A NAS is a pretty practical thing: just buy a large enough bay and stuff your HD’s in for more space. You’ll get cheap storage, automatic RAID and a solid data solution for your local area network. That’s the beauty of a NAS, because it is connected to your network you can technically access it from anywhere. One problem is that they are a local storage solutions – in the vast majority of cases – and could be affected by natural disasters or theft.
So this article argues that device makers will offer a cloud storage bundle together with their their hardware devices.
The top providers for NAS devices are Buffalo, Synology, QNAP, Iomega and a lot more. All offer NAS for different budgets and purposes most differ in size (how many hard drive you can plug in) and CPU power. So if you’re looking for a solution for your home office you can have a good one for around 200$-300$ – plus hard drives.
Many business owners rely heavily on NAS for all of their data needs and have stored massive amounts of data on their NAS. Storage has become very cheap and the price will continue to decline – just have a look at the storage price development and forecast from 2009 – 2015:
This graphic suggests that storage price will have fallen to .37 dollars per gigabyte in 2015. Not bad!
Small Business Owners will move to NAS
Considering the price, availability and ease-of-use small business owner will move to using a NAS for their business if they haven’t already. In our digital world we need access to our data all the time – even when we’re not at home or at the office. A NAS allows you to do just that a few things more:
- You can backup your server
- You can backup other computers’ data
- You can even use a NAS as your own (Email)-Server
- Manage people who have access to your NAS
- and a lot more…
Also, many NAS storage makers equip their console with a variety of additional “Apps” or open their system up to third party services. Take a look at Synology’s “Package Center”, for example:
Even for personal use there are a tremendous amount of “packages” like media servers, download stations, iTunes server etc… you get the idea. If you’re very savvy, then you can program your own extension to adapt the NAS to your needs.
But what about backup?
Of course you can backup all of your computers’ and servers’ data on one or several NAS in your office or home. In fact, this is what we do here at Cloudwards.net. I have already pointed out why this is a useful and affordable solution.
However, if you only rely on your NAS as a backup what if anything happens to that device? If one hard drive fails that might be OK because your RAID setup will prevent it from losing data on that disk as everything is kept redundant. But what if somebody breaks into your home or office and steals everything? What if there is a fire destroying your assets?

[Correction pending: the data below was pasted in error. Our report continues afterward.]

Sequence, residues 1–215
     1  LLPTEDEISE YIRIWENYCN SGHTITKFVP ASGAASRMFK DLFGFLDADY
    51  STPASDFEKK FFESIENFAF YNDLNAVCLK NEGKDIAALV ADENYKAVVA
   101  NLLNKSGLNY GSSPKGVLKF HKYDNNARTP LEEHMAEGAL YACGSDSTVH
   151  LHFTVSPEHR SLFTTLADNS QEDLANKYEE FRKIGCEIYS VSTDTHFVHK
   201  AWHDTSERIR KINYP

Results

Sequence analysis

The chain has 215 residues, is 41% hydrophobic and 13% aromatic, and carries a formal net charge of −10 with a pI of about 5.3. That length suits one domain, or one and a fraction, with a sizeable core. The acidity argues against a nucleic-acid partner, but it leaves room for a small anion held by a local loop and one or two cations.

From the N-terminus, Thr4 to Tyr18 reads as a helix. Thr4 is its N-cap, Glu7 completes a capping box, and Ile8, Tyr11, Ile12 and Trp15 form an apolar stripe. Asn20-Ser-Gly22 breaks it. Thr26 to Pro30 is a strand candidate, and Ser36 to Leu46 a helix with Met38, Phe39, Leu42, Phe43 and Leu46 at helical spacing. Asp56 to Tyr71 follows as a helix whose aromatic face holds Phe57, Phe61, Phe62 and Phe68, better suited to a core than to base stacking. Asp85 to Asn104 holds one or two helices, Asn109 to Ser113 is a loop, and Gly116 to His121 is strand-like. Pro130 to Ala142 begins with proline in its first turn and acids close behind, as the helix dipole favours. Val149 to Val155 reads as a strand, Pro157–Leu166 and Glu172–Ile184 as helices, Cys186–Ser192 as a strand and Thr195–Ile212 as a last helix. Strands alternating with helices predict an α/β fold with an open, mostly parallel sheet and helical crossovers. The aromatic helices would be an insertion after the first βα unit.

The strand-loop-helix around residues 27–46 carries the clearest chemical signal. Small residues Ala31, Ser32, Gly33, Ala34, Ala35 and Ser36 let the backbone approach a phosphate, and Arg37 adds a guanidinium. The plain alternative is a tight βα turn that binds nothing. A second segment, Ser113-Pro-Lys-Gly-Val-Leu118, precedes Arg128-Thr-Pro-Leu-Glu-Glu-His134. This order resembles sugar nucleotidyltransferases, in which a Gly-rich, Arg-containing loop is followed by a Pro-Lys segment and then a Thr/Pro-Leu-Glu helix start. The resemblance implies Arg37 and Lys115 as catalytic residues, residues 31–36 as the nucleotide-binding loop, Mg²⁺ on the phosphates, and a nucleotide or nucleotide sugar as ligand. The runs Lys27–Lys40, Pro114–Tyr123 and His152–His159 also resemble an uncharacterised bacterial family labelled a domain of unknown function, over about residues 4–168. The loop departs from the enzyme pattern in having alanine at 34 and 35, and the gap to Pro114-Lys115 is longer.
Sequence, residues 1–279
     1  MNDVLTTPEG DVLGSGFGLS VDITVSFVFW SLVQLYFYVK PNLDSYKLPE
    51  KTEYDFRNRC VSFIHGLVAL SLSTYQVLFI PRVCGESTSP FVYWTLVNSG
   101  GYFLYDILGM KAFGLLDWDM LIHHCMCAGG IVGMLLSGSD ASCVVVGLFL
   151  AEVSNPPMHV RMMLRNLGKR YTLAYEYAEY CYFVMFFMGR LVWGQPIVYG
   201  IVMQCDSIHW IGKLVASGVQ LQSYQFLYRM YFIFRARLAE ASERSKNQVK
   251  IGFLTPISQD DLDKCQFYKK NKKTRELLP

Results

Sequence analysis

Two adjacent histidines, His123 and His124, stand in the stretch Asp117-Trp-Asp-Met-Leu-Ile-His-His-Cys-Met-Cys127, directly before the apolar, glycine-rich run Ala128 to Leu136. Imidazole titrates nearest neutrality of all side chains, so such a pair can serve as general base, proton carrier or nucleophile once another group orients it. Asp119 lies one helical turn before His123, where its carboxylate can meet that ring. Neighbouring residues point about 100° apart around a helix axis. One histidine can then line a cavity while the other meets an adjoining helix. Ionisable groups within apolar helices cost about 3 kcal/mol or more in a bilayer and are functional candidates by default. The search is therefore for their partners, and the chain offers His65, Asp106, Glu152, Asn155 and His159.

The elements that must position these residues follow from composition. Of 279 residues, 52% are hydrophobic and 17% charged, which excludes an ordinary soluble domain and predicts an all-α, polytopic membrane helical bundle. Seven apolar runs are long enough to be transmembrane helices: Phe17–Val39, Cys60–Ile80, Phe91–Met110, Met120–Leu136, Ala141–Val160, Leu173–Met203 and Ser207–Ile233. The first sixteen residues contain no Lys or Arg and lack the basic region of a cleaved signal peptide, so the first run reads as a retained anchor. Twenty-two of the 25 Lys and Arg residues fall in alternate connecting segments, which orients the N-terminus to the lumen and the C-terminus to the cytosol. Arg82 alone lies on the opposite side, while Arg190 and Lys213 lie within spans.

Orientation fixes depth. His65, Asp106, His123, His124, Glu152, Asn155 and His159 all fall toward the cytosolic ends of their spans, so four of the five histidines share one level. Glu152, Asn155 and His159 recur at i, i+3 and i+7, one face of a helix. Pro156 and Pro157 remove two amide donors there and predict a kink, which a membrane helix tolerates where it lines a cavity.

Certainly, your business depends on the data you’ve accumulated over the years. So losing it might put your whole existence in jeopardy.
That’s why it is important to have an off-site backup as well. The easiest way to get your backups off-site is using an online backup service.
Online Backup and a NAS?
Today, you need to rely on third party online backup services to get your NAS off-site backup coverage and it is not quite easy to integrate. Some online backup services do not allow backing up NAS devices because they can’t control how much is actually stored on those devices. That’s why you have to buy their expensive business online backup plans.
Why would NAS device makers offer a cloud storage offering?
Buffalo just announced to offer a cloud storage solution to go with their LinkStation 400 series and is one of the first providers to enter the cloud storage market. But let’s see why it actually makes sense:
- Better service for customers
Cloud storage is what many people want, even if they don’t understand it fully. While they can access their files from anywhere already with their NAS (if configured properly), they still don’t have a backup solution in place. This is especially important for home or small business owners as they generally tend to think little about having “a backup of your backup” in the cloud.
- Close-knit integration
As cloud storage software is produced in-house and is tested with the actual devices the whole process should work a lot more smoothly than with third party software that might have to adapt to dozens of device makers’ hardware. Also, customers will be more “locked in” to their services and system and thus, will eventually lead to more loyalty (if the software actually works).
- Build upon know how
Device makers know how to produce and assemble storage hardware. Of course, a whole network infrastructure for a cloud storage service is a different type of expertise, yet it is related. Device makers can build upon that and get a beta running more quickly.
- Recurring fees
One of the more interesting facts about offering an own cloud storage solution is to get recurring fees from their customers. They might buy a NAS once every couple of years but it is a nice additional revenue stream to get from recurring fees.
The cloud storage market is tough
The cloud storage market is tough, there are many players out there struggling for our attention and data. So why not use the advantage device makers have: they already have a lot of customers that they can easily leverage. Cloud storage is highly scalable so for me it’s just the logical next step and might be an important future revenue stream for device makers.